North Texas Daily

Professor joins national GMO study

Professor joins national GMO study

September 25
00:09 2014

Paul Wedding / Intern Writer

The National Research Council has appointed distinguished biology research professor Richard Dixon to serve on a committee studying genetically engineered crops and the positive or negative effects they may have on the world.

The committee had its first meeting last week in Washington, D.C. to hear public opinions on the matter. The study’s report is expected in early 2016.

GMOs may be something the world needs, Dixon said. As the population continues to grow, scientists may have to accommodate for that by modifying plants.

Before arriving at UNT in February 2013, Dixon served as the director of the plant biology division at the Samuel Roberts Noble Foundation, a nonprofit organization that researches plant science and agricultural programs to enhance agricultural productivity.

Dixon was recently elected to serve one year as president of the American Society of Plant Biologists, a major society for plant science in the world.

The two main focus points of the research committee will be studying genetically modified crops as a source of energy and how to make crops more digestible for animals. They will be looking at native grasses, such a switchgrass, to find ways to make its sugar more accessible to become fuel.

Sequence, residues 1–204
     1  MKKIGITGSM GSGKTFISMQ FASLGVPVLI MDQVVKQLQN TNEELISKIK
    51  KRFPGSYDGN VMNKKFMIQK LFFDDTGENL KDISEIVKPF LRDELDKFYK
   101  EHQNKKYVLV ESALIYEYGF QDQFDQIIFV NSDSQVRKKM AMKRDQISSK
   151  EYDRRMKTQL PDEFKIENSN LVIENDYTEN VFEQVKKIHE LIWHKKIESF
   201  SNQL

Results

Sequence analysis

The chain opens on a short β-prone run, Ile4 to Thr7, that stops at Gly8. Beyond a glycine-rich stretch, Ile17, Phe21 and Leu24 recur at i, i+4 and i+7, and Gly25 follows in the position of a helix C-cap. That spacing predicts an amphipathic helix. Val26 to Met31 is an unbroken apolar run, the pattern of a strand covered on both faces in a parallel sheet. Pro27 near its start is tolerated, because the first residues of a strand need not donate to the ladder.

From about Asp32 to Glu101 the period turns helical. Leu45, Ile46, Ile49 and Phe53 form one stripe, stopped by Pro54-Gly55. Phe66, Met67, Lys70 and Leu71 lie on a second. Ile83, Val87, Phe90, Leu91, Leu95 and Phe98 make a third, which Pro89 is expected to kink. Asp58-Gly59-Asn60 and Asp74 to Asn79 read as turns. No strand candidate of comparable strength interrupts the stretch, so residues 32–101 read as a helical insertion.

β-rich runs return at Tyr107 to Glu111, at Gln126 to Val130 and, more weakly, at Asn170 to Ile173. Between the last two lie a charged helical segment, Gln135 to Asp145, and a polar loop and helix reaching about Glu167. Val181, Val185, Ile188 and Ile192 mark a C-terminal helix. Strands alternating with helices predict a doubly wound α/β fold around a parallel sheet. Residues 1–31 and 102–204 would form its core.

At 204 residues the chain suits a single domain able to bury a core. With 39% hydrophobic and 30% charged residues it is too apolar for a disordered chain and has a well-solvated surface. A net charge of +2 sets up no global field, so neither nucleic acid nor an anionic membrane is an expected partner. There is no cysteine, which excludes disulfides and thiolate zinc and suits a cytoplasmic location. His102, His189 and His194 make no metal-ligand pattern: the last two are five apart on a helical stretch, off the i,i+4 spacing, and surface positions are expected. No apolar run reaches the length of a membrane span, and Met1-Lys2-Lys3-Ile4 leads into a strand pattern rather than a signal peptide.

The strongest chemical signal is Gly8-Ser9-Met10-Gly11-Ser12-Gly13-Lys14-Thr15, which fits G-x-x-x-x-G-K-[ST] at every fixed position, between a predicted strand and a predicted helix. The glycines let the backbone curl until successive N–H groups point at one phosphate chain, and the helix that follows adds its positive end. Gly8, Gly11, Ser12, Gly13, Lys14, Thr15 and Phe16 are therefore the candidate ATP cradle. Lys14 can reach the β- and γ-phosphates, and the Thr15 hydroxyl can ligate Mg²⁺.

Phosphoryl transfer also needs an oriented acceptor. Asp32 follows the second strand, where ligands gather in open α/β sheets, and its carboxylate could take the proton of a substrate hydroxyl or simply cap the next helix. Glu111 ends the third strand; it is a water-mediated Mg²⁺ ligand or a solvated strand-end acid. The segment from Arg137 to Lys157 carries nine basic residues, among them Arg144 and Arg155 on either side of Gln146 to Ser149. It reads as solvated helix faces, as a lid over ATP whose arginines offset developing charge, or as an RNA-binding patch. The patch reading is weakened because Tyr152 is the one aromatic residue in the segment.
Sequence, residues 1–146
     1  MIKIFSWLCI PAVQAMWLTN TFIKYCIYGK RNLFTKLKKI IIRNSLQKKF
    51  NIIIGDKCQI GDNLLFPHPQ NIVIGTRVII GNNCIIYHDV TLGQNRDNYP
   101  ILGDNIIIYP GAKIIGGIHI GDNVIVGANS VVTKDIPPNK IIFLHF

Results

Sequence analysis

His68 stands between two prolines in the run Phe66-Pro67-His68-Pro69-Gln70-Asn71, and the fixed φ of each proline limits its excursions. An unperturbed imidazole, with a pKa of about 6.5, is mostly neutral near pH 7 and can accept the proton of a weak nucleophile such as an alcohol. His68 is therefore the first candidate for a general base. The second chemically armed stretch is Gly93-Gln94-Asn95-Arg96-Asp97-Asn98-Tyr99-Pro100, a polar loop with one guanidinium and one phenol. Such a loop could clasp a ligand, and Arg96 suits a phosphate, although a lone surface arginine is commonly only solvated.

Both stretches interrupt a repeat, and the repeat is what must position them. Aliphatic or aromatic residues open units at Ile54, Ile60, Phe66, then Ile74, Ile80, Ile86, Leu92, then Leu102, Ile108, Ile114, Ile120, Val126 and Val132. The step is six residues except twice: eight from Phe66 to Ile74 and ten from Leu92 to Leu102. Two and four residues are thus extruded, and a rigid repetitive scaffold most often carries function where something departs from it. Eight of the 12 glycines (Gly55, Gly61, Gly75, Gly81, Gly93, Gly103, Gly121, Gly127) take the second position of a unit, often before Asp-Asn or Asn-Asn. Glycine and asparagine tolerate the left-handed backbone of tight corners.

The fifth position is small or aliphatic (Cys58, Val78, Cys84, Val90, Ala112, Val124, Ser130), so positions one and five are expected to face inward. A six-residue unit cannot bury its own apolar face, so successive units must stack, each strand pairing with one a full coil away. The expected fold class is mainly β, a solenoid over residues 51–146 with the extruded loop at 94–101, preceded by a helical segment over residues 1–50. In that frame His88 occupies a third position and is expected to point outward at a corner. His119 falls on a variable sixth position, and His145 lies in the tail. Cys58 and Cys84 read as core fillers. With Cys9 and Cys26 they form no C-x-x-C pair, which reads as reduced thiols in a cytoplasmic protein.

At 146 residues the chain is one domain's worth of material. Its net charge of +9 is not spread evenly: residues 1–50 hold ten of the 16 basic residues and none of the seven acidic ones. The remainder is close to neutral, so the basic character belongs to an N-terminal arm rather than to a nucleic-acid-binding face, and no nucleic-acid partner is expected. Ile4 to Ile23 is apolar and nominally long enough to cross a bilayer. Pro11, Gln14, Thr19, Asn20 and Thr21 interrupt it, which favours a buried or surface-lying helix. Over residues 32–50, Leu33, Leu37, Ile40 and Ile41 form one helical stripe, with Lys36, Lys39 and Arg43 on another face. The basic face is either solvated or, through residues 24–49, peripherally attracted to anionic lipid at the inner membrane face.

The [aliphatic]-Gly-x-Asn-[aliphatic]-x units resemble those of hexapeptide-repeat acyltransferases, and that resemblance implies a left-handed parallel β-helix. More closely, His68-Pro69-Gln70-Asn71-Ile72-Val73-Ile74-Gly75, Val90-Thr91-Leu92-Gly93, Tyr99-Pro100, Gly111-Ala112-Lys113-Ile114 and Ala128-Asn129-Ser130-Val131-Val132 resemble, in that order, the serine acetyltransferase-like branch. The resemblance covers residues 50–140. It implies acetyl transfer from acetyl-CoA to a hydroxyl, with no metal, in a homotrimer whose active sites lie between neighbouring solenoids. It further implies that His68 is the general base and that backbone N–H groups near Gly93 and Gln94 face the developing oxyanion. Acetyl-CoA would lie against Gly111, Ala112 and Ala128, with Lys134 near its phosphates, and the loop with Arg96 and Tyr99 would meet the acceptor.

Currently, the best-known alternative fuel source and sugar substitute is corn, which is often genetically modified to help meet America’s vast demand for the crop. However, Dixon believes that corn is not the best solution.

“It takes a lot of input to grow corn,” he said. “Corn is used in most food products already, so it isn’t a good solution to an alternative fuel source.”

There is a great debate today on the ethics of genetically modified food and whether it is healthy for society and the environment. Many groups believe that GMOs are not the solution to the world’s food supply problems.

Part of this debate regards whether or not genetically modified crops and meat from animals that graze on them need to be labeled in grocery stores. Many are also concerned with crops being exposed to pesticides of increasing toxicity as insects around the world evolve immunities to industrial poisons.

“If we’re going to get rid of climate change, the biggest contributor to global warming is industrial agriculture, which is mainly GMO crops,” said Katherine Paul, director of development and communications at the Organic Consumers Association. “GMOs aren’t feeding the world, and herbicides and pesticides aren’t working. We are on a treadmill of increasingly toxic poisons.”

Many UNT students are unsure as to whether GMOs are the solution as well.

“I definitely think they need to label the food, so people are aware that it has been genetically modified,” international studies sophomore Rubab Raza said.

Dixon does agree that GMOs are causing some problems, but he believes it has to do with outdated regulation more than anything, which the committee will also be looking at during its research.

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